More often than not, the mention of Cabernet Sauvignon at most wine tastings in this country leads to conversations about Napa and Sonoma. However, Allison Levine at Napa Valley Register.com says it’s time to “rethink Lodi.” Think Lodi, and “hot climate, high-alcohol wines, mass production, and large brands” are often used descriptors. That’s not necessarily inaccurate, but there’s a lot more to Lodi than its jug wine reputation. That was then, but this is now.
Lodi American Viticultural Area (AVA) facts:
- Located 45 minutes south of Sacramento
- Produces 24% of California’s annual grape crop
- Features 110,000 acres of wine grapes farmed by 750 growers
- Leads the country in production of Chardonnay, Sauvignon Blanc, Cabernet Sauvignon, Merlot, Zinfandel, and Petite Sirah
Levine points out that “growing grapes for 150 years, Lodi is one of the few regions in the world that did not suffer from phylloxera, which destroyed most of the world’s vineyards at the end of the 19th century. Through geological events and alluvial waters, the two major rivers (Mokelumne and Cosumnes) originating in Sierra Nevada bring soils rich in granite-based minerals and sandy loam. These porous soils are inhospitable to phylloxera, and more than 5,000 acres of Lodi vines still grow on their own root stocks. In Lodi, old vine means old vine, with many as much as 65-70 years old.”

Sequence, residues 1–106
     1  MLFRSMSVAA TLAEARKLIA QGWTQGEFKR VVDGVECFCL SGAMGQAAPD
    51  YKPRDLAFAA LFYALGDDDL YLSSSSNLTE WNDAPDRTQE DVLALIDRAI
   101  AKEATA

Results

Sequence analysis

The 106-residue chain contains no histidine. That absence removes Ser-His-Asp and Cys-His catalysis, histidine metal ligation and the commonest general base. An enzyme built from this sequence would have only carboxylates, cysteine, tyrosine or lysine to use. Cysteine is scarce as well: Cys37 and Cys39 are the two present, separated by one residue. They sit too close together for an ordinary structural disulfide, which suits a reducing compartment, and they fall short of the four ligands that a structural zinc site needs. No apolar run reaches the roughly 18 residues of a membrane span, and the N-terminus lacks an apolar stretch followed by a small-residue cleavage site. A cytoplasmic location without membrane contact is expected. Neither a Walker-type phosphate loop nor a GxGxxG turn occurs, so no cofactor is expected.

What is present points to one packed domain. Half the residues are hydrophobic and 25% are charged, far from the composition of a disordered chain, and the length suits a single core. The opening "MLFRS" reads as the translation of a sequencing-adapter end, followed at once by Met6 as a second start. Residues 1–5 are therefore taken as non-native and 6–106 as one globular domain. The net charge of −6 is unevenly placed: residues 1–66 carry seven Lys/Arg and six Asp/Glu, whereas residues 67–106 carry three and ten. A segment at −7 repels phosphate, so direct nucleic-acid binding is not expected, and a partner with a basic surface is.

Another part of Lodi’s terroir is its Mediterranean climate, resulting in a growing season that’s “sunny and warm, hitting highs of 90 degrees, followed by ‘delta breezes’ in the afternoon.” Night time temps drop to as low as 56 degrees. Rain is slight and “humidity levels are low.”
AVA status was granted in 1986, “and since 2005, there are seven sub-appellations.” Since the 1990s, Lodi has evolved into a tourist destination with some 65 tasting rooms.
“Lodi is casual, approachable, and not stuffy,” said Camron King, Executive Director at the Lodi Winegrape Commission. “Visiting Lodi is like coming into someone’s home. It’s the owner pouring wine from the family winery, and it’s a philanthropic community. It’s all about family.”
Two-thirds of the 110,000 acres in Lodi are planted to red varieties. Cabernet and Chardonnay are big crops, but there’s also an emphasis on Italian, Spanish, Southern Rhone, Portuguese, and German varietals. The point is there are a lot of quality wines coming out of the region, and at prices substantially less than their counterparts from Napa and Sonoma.
Adding to the region’s growth in number of wineries and its focus on producing more reserve type varietals, “Lodi leads the state in its commitment to sustainable agriculture, establishing ‘Lodi Rules’ in 2005, California’s first third-party-certified sustainable winemaking program. The program promotes practices that enhance biodiversity, soil health, and water cleanliness, and currently 26,715 acres in Lodi are certified sustainable.”